The tribes of the world see the contradiction in the process. The motivation of the West is to impose their virtues on those who don't value them. They are imposing 'good' by force. The motives are impeccable - compassionate tolerance for fellow human beings. But many focus not on our ends - justice - but on our means - force. Where force is used to impose noble ends it can just as easily be used to impose ignoble ones.

NATO may very well succeed in propagating Western values. Eventually people of the Balkans will see virtue in granting neighbors, even of foreign ethnicity, the right to pursue happiness. Of course that may necessitate NATO policing for a long time.

No culture is monolithic. Among the Serbs and Kosovars are many who do not share the tribal values motivating the conflict. Many hold Western values. These are our allies in the values war.

What political policy is suggested by this analysis? For partisans of pluralism it is this: Make clear to the Serbs what the fight is about. Offer them the pursuit of happiness. Offer them Western values!

Bombs demonstrate our might but not our virtue. Bombing is not conducive to winning the minds and hearts of those on the ground. Especially since it is done without comment. There is no dialogue with the citizens. Bombing, by its nature, reenforces those in power, the enemy. Partisans of plurality must see to it that some large fraction of the budgeted military action be devoted to communication: to using the real power of the West, media. The West must mobilize technology to deliver a message to the citizens of Serbia. Here is the message.

1. Your sons and brothers in the army are being ordered to commit crimes. Their commanders are engaged in genocide. They have caused thousands of people to be killed and have made a million people refugees. Ask your sons at the front in Kosovo if it is not true. Ask your brothers whether they are making Kosovars homeless. Call on them to stop it. What they are doing is not defending Serbia. It is shaming Serbia. Some Albanian Kosovars are, indeed, terrorists. But not all of them! Neither are all Serbs genocidal killers. Let peace reign between Kosovars and Serbs.

2. NATO's bombs are not meant for the Serbian people. They are to stop the genocide of your criminal leaders. NATO is not threatening to enslave you. It will not expel you from your lands. Its aim is not to conquer Serbia but to free it; as the West liberated the German people from the Nazis. NATO's aim is to bring about free and open elections and self-rule where all are gaurenteed their human rights. Serbs as well as Kosovars.

3. How did modern Germany attain its greatness; by capitulating to the Western democracies. Take defeated Nazi Germany as your model. After its genocidal escapade it was nurtured back to greatness by the West. It benefitted by a Marshall Plan of economic recovery. It is now autonomous with free elections. It prospered as a member of the Western community of nations. Let Serbia achieve honor and respected place in the community of nations. Tell your sons and brothers to desist. Let the criminals who lead you be brought to justice.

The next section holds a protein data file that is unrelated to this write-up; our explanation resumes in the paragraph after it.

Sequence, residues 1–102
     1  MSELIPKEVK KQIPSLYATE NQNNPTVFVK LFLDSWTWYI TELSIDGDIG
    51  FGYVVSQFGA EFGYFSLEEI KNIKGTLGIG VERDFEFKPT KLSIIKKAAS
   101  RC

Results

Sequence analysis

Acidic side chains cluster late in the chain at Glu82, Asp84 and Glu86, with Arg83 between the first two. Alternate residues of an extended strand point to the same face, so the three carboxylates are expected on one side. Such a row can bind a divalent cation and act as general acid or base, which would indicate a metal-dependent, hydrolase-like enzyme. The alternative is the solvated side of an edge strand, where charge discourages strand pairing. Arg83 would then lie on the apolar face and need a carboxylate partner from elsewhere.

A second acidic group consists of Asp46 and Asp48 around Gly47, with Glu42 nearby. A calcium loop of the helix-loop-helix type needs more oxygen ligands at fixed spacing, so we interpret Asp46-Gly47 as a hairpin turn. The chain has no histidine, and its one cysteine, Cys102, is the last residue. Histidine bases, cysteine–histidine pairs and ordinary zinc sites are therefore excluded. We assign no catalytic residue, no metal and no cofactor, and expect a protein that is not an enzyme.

How can this message be brought to the Serbs? With the technological arsenal at our disposal the delivering of messages can be arranged at least as easily as the delivery of bombs. What might be necessary is the concentrated crippling of Serbian telecommunications facilities and its replacement by powerful NATO transmitters. Perhaps a parachute bombing of the streets of Belgrade with small personal battery powered receivers for any Serb to pick up and to use. The message must be directly delivered. It must be labelled 'to the Serbian people'. It must come from the lips of the leaders of the Western world; from President Clinton, Prime Minister Blair and especially Chancellor Schroeder of Germany. And it must be delivered with regularity. During announced bombing cessations for the purpose of communication.

Its evident purpose is to incite insurrection - the overthrow of a despot. The West has already interfered in the internal affairs of a sovereign state. It did so to unburden the citizens of their oppression. But the action taken - bombing Serbian territory - can only insure that the despot remains in power. We will end up negotiating with the oppressor. The action is not directed enough. It should be directed to toppling the values the despot represents.

Plural societies are strong in armed might but weak in armed battle. They believe in consensus. That is what tribal societies count on: the splintering of consensus among free societies. The lesson for the partisans of pluralism is this: rely less on armed might and rely more on essential might. Rely on the power that lies in Western values.

Time-line synopsis following 1999.

March 1999
Serbian President Milosevic of the Federal Republic of Yugoslavia (FRY) begins ethnic cleansing - the expulsion of muslim Kosovars to Albania. NATO (North Atlantic Treaty Organization) responds by the bombing of Belgrade. The NATO bombing of the FRY is effective but it does do considerable collateral damage - killing civilians in a hospital, a market, on bridges and even bombs the Chinese embassy by mistake. Fighting continues through 78 days.

May 1999
International War Crimes Tribunal indicts Milosevic

June 1999
FRY agrees to Serbian withdrawal from Kosovo and NATO bombing stops. NATO peacekeeping force enters. Refugees return - 600,000 from Albania. But 200,000 ethnic Serbs and others, fearing reprisals flee their homes in Kosovo to go north.

Sept 2000
Milosevc resigns presidency amid large street demonstrations in Belgrade

March 2001
Milosevic arrested by Yugoslave authorities. He is sent to The Hague to stand War Crimes trial. This lasts for 5 years.

March 2006
Milosevic dies of heart attack in his cell.

2006 October
Voters in a referendum in Serbia approve a new constitution which declares that Kosovo is an integral part of the country. Kosovo's Albanian majority boycotts the ballot and UN sponsored talks on the future of the disputed province continue.